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Cigarettes, Coffee, and Gasoline
It reeked of cigarettes, coffee, and gasoline.
The cigarettes were probably littered around the very ground where she stood, flung from the dirt-encrusted fingers of emotionally tortured teenagers. But she could understand that; at the moment the only anchor that kept her from screaming her rage to the world—or the few nearby truck drivers—was her addiction to peppermint gum. Her orthodontically straightened teeth bit on it hard as she analyzed the rest of her surroundings.
The coffee seemed to be being brewed by the gallon by the quickly fading cashier/convenience store employee to keep himself awake on now free refills as much as it was to sell to the couple of drowsy customers who trickled in. As the teen took another gulp from an uncapped Styrofoam cup that would probably still have the Sheetz logo on it long after its disposal in the rarely emptied dumpster, he caught sight of her observing him through one of the small store’s large windows. She turned abruptly away, embarrassed. It wouldn’t matter, though; the chances that she’d return to that gas station at that hour let alone any gas station at any hour during her brief stay must have been ten billion to one. Besides, she wasn’t a customer. The only jolt of adrenaline she needed was produced by her $5 headphones and crummy mP3 player on a near deafening volume, not a barely functioning coffee maker and an even worse off employee on a caffeine high. No, the headphones had been working just fine.
While they had done wonders for her senses of alertness and sound, they did nothing for her sense of smell. She ripped off the headphones in disgust for the overwhelming odor of gasoline. Her flip-flops flipped and flopped vehemently between her pale feet and the crumbling pavement as she stomped around the car to the second of the gas station’s two pumps. “George,” she angrily spit at the back of the six-foot-five man in front of her.
He turned around, the surprise on his face illuminated by the lone black streetlamp above them. “Owen, I told you not to call me George and to stay in the car.” He didn’t sound angry, just matter-of-fact like a parent should sound and still a little surprised. But he wasn’t her parent—for all intensive purposes, he had forfeited the position of dad when he had walked out on her mom ten years ago—and he shouldn’t have been surprised. Owen rarely did what anyone wanted, let alone George. Besides, a seventeen-year-old girl sitting shotgun wouldn’t keep a thief from hotwiring and stealing his convertible, not that they’d want it now that it reeked of gas. Not even Owen wanted to get back in it, and it was her only ticket out of the middle of nowhere.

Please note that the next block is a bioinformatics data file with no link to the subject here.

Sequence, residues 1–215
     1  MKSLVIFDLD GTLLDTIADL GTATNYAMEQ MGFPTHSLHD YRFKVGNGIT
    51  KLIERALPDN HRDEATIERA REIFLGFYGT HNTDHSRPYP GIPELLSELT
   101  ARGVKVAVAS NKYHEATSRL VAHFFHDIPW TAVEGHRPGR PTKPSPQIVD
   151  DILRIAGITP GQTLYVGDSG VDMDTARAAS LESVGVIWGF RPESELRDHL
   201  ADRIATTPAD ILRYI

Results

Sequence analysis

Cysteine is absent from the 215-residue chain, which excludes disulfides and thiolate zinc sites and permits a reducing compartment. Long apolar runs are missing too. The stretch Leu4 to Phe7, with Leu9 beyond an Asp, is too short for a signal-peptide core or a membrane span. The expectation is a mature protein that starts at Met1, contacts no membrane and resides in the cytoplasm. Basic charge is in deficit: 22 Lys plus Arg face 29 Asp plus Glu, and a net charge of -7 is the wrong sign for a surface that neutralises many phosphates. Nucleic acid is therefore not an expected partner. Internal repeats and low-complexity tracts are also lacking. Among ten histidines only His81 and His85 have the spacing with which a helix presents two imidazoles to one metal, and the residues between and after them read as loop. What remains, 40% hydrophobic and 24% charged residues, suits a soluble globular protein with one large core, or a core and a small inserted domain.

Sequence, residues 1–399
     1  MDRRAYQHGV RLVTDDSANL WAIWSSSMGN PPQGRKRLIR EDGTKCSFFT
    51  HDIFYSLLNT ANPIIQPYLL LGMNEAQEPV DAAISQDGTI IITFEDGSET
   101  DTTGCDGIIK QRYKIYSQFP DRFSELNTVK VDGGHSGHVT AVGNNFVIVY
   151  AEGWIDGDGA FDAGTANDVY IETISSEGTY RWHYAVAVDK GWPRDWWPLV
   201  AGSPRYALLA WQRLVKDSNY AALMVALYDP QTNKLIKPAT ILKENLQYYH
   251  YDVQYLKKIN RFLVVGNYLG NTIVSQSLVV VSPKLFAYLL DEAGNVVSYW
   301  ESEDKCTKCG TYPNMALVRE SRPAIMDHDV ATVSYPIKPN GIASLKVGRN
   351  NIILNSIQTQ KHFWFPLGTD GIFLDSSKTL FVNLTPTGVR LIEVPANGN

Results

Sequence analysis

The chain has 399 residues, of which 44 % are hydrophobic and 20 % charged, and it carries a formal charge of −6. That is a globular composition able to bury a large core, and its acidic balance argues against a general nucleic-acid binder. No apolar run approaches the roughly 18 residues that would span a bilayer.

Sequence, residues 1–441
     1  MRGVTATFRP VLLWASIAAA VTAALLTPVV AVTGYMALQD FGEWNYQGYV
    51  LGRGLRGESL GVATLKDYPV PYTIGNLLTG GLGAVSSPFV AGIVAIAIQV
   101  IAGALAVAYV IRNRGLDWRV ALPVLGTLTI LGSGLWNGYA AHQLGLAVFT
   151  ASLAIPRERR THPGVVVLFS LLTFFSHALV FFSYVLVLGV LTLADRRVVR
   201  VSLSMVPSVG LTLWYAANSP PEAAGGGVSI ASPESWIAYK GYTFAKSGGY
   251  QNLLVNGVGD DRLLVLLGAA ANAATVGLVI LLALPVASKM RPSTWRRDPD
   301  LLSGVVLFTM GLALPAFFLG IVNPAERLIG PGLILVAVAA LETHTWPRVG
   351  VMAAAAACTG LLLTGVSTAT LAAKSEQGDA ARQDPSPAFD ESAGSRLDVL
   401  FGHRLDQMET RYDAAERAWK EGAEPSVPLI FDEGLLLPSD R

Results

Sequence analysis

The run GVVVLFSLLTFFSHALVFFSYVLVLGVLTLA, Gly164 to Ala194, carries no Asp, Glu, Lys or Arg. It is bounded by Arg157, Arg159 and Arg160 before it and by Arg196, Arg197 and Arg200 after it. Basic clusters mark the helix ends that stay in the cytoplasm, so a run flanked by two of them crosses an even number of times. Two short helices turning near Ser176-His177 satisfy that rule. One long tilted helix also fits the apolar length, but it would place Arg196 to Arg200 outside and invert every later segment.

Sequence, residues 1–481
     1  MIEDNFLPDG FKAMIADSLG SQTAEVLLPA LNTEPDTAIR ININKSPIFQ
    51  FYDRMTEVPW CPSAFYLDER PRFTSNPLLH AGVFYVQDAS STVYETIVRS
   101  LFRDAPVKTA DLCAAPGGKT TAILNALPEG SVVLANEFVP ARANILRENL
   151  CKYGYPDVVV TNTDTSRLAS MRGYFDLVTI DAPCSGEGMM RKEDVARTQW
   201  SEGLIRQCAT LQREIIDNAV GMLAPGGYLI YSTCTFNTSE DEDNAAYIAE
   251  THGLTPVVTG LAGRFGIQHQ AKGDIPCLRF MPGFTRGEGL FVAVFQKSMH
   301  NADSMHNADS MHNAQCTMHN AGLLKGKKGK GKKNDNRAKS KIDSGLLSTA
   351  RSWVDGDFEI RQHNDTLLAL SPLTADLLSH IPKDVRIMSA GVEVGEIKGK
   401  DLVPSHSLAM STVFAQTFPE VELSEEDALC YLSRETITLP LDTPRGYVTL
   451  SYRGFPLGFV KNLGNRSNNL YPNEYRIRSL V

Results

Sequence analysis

“You’re not supposed to top off the gas tank.” Owen pointed a finger flecked in peeling orange nail polish at the black and white lettering on the pump that nearly read word-for-word, except for the addition of the word please and the exclusion of Owen’s hostility. But that was only because no one as of yet had invented hostile font and because coffee-boy and friends still wanted to get paid.
George didn’t respond to her comment, as usual. “Do you need to go to the bathroom?” he asked instead.
“Not here.” Disgust and peppermint coated her tongue.
“You might want to rethink that,” George said unemotionally as he turned back to his navy blue baby.
“You said we were only fifteen minutes away,” Owen perplexedly informed his sailor nautica t-shirt and dark brown hair.
Owen huffed at his stupid riddles and the air of mystery that had attracted and repelled his second and third wives. Right now it was repelling her to the peeling white-paint and eerie artificial lighting of the claustrophobic looking store. Owen took a deep breath of the musty air, the odor of cigarettes, coffee, and gasoline burning her nostrils as she built up the courage to walk inside and face the coffee-boy.